At 40 years old, Nathan Marter said there are still days when he can keep up with Bryan Miraglia on a wrestling mat.

He and his star wrestler go hard at practice. But even then, Miraglia won’t accept when his coach gets the better of him. He always finds another level.

“I’m such a competitive person that I didn’t think I could ever admit that anyone could be more competitive than me,” Marter said. “But I think I met my match with Bryan.”

Miraglia describes his own competitive nature like a fire that has been burning inside him for as long as he can remember.

It’s part of the reason why he’s poised to make a run at a state championship for the Delran wrestling team this season. It would be the senior’s third trip to the big meet in Atlantic City in his high school career.

He’s also on the cusp of breaking Delran’s career wins record. At 13-0 this season, he has 118 career wins, putting him on track to challenge the record of 149 set by Phil Rogers in 2017.

But more than simply having that drive, Marter said, Miraglia’s success is owed to his ability to hone and control it.

Miraglia tells stories of what it was like growing up with his older brother, Marcus.

“Anything we did together was a battle," he said. "And either I had to win or he had to win. It was never, ‘OK, let’s just call it a tie.’ ”

Marter remembers watching Miraglia lose a middle-school tournament final in eighth grade to Justin Cariss, and Miraglia swore revenge. He had to wait until his sophomore year when Delran met Cariss’ Highland team in a dual match.

“That loss in middle school ate at him the whole time,” Marter said. “And it was pretty neat to see how satisfied he was when he beat him that night. That’s when I really realized how much he hated to lose.”

Miraglia also remembers those days after his sophomore season when he questioned whether the sacrifice was worth it.

He fought through a torn labrum for most of that season only to fail to qualify for the state tournament after two crushing defeats in the Region 6 tournament, bouts Miraglia said he should have won regardless of his shoulder injury.

It was such a tough stretch — it took so much out of him mentally — that he decided to take some time to assess why he was even putting himself through the anguish in the first place.

“Me and my dad had a number of long talks during that time, and we talked about what I wanted from the sport,” Miraglia said. “We thought about, ‘Do I want to be just a local kid who dominates South Jersey, or do I want to be on the national circuit, a state-level wrestler who wants to go on and wrestle in college?’ And I decided that’s what I want to do. That’s what I plan to do, and the only way to do that is to give everything you have to the sport.”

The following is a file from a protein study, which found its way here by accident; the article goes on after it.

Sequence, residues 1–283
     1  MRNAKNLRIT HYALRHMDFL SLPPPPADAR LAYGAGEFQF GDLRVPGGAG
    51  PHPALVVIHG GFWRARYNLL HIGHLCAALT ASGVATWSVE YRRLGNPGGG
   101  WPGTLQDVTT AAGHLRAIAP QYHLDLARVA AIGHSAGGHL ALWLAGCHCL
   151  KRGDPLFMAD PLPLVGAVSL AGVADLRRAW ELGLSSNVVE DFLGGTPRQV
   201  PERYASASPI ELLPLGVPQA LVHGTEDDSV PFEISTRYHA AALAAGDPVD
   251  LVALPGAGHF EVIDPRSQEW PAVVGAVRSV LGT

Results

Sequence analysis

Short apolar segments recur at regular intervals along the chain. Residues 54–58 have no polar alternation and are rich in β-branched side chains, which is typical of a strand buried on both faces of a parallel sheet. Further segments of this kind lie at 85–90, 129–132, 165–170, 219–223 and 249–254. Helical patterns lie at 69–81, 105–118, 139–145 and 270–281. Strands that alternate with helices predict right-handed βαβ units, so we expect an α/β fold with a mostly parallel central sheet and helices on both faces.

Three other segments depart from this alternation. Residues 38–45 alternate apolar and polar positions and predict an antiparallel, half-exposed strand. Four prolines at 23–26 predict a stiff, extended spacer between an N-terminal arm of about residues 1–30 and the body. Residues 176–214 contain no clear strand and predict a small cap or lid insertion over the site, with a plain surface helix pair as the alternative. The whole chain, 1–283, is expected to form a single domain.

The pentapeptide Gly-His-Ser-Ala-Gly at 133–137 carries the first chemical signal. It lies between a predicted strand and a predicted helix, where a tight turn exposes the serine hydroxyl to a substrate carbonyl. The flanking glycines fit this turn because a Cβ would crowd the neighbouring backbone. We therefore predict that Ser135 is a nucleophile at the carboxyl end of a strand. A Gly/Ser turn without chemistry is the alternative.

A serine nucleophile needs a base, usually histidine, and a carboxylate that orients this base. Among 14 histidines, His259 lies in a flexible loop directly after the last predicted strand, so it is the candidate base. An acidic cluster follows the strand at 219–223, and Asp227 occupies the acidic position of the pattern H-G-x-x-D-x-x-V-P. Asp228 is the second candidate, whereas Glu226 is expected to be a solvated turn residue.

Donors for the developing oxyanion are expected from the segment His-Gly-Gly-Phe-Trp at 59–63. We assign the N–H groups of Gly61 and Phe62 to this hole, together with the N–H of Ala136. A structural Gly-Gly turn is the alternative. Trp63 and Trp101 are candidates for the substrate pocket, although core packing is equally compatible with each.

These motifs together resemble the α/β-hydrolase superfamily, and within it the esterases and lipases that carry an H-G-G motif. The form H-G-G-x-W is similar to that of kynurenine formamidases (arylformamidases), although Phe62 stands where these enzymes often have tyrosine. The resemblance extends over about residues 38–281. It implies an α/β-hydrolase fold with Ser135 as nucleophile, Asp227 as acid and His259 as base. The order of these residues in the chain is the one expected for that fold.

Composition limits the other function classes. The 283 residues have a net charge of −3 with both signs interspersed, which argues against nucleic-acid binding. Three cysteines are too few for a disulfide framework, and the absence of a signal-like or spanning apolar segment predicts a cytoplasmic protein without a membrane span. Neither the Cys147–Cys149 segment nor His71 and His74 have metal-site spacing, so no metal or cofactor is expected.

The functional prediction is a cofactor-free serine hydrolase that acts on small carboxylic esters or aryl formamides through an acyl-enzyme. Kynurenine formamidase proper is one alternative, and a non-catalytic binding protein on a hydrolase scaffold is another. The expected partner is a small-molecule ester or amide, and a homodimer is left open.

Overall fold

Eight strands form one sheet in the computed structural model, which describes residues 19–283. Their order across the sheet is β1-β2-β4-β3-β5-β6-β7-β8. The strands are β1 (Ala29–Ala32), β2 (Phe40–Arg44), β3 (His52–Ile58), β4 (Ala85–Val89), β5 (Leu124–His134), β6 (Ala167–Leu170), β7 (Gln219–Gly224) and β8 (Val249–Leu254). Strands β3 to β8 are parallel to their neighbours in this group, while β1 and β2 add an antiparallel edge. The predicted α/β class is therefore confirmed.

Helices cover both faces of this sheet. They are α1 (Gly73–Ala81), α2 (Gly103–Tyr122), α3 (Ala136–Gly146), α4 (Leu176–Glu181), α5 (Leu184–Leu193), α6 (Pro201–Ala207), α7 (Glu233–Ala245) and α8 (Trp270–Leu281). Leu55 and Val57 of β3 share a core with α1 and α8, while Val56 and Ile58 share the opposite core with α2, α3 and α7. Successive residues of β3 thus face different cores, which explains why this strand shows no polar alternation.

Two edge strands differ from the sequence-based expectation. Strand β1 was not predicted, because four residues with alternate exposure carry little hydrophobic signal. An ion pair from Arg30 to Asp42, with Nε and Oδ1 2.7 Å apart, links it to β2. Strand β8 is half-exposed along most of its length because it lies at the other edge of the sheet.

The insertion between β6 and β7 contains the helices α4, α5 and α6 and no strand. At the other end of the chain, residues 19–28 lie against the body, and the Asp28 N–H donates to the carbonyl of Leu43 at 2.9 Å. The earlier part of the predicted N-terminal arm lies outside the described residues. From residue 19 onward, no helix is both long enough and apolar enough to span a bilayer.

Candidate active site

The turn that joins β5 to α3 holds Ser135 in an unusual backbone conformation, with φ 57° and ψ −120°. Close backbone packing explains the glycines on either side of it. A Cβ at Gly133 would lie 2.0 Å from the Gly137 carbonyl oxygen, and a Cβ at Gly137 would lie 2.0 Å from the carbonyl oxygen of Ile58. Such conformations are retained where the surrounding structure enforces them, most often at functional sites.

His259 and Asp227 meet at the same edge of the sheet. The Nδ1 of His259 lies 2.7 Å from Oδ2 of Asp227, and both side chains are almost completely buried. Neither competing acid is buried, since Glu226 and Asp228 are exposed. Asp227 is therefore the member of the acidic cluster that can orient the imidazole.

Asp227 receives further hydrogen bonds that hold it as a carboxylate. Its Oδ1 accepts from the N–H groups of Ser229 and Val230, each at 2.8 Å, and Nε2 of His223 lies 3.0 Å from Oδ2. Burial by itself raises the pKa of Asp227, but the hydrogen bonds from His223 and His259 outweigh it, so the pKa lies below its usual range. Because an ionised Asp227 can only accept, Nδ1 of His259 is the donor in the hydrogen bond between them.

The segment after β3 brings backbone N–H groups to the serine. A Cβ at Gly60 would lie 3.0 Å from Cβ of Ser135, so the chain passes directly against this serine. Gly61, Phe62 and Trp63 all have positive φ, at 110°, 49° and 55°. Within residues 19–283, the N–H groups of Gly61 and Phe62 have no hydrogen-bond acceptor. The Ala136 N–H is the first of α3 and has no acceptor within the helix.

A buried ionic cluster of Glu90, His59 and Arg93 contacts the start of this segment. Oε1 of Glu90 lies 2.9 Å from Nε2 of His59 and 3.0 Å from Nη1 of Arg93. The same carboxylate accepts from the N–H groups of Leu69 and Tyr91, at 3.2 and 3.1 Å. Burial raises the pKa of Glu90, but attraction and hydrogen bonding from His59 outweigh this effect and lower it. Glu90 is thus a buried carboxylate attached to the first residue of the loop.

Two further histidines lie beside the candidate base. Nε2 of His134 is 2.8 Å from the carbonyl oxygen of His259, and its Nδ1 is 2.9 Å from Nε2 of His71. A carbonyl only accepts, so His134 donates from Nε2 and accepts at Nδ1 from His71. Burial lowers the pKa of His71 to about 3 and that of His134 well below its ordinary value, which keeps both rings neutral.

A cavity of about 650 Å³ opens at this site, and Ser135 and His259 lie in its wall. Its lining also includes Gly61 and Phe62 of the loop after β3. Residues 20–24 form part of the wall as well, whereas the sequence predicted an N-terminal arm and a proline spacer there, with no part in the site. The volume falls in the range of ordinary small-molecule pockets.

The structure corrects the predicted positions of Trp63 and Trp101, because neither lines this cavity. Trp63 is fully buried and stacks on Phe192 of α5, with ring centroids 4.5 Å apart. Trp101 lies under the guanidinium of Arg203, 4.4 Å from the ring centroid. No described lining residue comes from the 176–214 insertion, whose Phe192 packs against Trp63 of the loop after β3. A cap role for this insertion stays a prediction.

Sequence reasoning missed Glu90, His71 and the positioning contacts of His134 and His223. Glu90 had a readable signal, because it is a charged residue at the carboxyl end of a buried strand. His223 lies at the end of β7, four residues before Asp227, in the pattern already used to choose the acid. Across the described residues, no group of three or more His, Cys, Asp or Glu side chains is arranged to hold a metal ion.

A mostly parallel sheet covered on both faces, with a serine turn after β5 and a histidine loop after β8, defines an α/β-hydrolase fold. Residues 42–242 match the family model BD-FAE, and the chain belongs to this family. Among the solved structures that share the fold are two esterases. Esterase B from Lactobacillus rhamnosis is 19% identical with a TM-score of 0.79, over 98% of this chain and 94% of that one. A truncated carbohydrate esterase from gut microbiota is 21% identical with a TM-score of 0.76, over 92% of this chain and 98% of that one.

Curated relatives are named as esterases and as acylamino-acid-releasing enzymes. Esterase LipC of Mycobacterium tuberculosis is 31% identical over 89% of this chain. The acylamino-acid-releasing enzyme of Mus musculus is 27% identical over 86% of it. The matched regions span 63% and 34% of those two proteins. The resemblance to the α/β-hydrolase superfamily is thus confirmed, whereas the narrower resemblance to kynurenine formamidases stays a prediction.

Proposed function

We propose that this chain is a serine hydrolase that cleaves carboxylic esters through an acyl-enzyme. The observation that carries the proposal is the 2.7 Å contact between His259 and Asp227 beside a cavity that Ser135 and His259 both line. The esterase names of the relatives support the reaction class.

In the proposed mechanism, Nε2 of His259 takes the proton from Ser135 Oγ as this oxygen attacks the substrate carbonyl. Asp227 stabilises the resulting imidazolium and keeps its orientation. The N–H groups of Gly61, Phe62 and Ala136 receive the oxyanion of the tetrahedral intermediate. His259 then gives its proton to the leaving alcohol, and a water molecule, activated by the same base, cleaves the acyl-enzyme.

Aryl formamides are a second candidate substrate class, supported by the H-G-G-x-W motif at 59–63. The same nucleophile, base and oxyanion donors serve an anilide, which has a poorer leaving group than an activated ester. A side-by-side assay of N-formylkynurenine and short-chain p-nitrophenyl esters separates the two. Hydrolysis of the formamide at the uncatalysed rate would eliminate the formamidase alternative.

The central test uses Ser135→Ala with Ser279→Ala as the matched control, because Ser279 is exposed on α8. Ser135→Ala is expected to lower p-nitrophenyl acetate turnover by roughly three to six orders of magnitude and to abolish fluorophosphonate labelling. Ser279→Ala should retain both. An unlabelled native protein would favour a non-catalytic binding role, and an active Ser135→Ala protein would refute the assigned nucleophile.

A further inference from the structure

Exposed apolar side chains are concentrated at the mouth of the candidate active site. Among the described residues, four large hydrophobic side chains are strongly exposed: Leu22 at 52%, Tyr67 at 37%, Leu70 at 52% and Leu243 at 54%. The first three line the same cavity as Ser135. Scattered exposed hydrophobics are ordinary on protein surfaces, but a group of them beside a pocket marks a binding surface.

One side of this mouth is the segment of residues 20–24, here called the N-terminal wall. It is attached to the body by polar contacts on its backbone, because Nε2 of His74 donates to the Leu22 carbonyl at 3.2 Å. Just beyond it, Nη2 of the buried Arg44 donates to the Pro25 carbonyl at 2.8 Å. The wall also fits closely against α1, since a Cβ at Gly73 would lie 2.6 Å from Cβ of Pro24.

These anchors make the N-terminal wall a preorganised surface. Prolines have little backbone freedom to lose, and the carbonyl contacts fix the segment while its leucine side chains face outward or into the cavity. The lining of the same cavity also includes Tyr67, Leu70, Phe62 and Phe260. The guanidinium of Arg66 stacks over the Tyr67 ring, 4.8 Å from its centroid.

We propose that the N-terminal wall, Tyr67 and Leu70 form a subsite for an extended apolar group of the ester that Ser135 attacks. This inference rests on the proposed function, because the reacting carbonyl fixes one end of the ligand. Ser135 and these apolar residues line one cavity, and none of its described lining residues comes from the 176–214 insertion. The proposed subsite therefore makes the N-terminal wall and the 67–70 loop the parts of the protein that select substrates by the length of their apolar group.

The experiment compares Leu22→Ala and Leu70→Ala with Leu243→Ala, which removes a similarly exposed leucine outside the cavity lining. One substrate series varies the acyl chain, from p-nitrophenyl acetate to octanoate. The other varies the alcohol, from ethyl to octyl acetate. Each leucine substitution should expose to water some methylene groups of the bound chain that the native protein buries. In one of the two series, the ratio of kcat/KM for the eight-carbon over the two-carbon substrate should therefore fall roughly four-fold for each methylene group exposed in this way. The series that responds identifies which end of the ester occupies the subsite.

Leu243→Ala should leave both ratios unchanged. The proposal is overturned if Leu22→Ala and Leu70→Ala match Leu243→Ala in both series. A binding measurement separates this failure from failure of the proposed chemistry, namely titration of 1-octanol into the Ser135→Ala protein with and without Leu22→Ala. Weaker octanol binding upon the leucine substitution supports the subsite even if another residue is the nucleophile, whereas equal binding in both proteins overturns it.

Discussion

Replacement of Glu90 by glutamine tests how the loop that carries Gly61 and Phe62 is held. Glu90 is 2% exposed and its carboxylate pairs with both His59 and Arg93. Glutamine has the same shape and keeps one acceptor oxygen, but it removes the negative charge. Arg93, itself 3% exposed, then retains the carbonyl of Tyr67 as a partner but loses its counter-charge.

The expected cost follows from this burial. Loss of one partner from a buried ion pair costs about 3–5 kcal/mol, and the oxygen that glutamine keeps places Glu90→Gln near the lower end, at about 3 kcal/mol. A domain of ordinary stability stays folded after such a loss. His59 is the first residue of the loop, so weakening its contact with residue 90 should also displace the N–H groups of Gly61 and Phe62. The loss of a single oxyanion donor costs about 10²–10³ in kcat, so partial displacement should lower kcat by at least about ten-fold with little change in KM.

His reasons for that decision were simple.

“There’s just nothing like wrestling. Being on the mat by yourself and trying to impose your will on someone else — there’s nothing else like it,” said Miraglia, who is waiting to decide where he will wrestle in college. “You realize that the work you’re putting in — all those late-night runs, days in the sauna, hard days of cutting weight — is all worth it when you get a result that you’re looking for.”

That soul-searching put Miraglia in a better frame of mind his junior season.

He bounced back to win the 132-pound Region 6 tournament, beating nationally ranked Kyle Slendorn of Howell in the final. He went 2-2 in Atlantic City. That’s not quite on the podium but still a strong showing.

This year, he wants more. And his approach continues to evolve.

“I’m focusing on having fun this whole year, on scoring as many points as I can in every single match. I’m staying in the moment,” Miraglia said.

He still admits that he hates to lose more than he likes to win, and he said that standing on top of the podium at the state tournament would be a milestone that would leave him speechless.

But until that time, he’ll enjoy every step of the ride.

“It’s a drive of mine never to lose, but I know, at the same time, I can’t be afraid to lose,” Miraglia said. “Some wrestlers are so worried about how they’re going to do and what’s going to happen that they forget that they have to wrestle. I want to enjoy my senior year — just keep putting in the work, have fun and wrestle freely, and just let the results come to me.”